Source: (2011) Criminal Justice Policy Review 22(2) 219–234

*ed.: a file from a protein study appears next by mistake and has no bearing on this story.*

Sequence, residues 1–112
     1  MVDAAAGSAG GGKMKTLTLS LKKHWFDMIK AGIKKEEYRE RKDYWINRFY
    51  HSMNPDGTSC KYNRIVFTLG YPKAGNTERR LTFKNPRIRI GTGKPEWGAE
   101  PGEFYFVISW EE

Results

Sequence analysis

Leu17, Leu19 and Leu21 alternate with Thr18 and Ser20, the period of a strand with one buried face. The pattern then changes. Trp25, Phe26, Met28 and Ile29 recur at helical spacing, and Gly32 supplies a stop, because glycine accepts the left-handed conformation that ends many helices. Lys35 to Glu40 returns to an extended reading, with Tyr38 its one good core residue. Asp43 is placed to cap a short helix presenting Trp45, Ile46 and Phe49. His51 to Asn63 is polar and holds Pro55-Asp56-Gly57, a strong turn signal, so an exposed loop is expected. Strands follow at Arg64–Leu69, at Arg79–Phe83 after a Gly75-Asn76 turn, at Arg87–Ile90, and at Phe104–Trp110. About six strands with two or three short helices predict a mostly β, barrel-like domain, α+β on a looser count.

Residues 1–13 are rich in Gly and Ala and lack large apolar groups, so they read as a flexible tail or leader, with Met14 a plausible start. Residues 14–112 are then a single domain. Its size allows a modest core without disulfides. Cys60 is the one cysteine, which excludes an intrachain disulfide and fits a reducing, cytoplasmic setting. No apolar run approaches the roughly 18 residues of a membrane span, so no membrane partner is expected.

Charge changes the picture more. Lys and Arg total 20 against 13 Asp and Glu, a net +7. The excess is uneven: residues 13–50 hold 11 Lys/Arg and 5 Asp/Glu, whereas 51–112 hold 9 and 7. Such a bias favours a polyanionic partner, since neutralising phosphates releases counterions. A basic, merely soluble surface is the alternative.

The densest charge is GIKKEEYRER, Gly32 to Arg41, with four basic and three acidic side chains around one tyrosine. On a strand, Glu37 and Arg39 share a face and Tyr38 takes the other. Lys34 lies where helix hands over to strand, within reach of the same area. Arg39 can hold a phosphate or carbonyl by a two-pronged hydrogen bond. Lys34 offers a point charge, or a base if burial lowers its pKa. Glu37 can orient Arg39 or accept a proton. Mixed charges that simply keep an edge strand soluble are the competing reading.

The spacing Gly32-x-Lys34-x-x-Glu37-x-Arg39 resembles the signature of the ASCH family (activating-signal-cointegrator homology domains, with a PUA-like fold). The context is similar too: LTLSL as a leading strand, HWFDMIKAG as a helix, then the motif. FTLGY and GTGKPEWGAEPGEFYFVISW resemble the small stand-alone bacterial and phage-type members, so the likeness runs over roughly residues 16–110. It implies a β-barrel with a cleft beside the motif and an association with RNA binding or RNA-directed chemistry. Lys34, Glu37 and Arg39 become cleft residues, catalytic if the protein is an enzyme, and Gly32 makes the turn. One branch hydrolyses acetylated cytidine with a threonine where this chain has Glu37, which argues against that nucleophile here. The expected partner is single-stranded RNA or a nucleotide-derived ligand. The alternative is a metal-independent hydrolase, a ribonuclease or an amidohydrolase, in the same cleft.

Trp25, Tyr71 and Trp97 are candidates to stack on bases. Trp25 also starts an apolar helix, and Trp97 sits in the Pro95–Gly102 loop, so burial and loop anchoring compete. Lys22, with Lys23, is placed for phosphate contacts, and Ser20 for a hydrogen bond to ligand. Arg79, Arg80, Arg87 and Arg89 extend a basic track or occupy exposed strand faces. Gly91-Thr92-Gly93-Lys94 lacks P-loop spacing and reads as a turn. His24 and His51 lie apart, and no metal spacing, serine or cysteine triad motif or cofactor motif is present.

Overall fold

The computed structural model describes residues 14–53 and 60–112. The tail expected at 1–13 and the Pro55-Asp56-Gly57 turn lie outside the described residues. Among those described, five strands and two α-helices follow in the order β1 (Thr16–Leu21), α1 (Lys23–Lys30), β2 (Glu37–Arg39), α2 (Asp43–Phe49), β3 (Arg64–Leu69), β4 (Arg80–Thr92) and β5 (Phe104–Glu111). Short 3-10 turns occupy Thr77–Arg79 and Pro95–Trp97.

Reentry usually refers to the transition from incarceration to community living. However, offenders diverted from prison to community-based restrictive sanctions also face the challenge of social reintegration. This study uses a postmatching case–control design to identify risk and protective factors for 1-year recidivism among completers of the Drug Treatment Alternative to Prison (DTAP) program in Brooklyn, New York. DTAP is a deferred-sentencing program targeting repeat drug-abusing felons arrested for drug sales. Participants are required to plead to a felony charge and spend 18 to 24 months in residential treatment. Forty-seven DTAP completers who had been re-arrested within a year of their dismissal are compared to 47 matched nonrecidivists. Results suggest that weak treatment engagement and social isolation considerably increase the risk of recidivism. Certain health conditions and/or medical needs also significantly correlate to reoffending. Implications for reentry policy making and research are discussed.(Author's Abstract)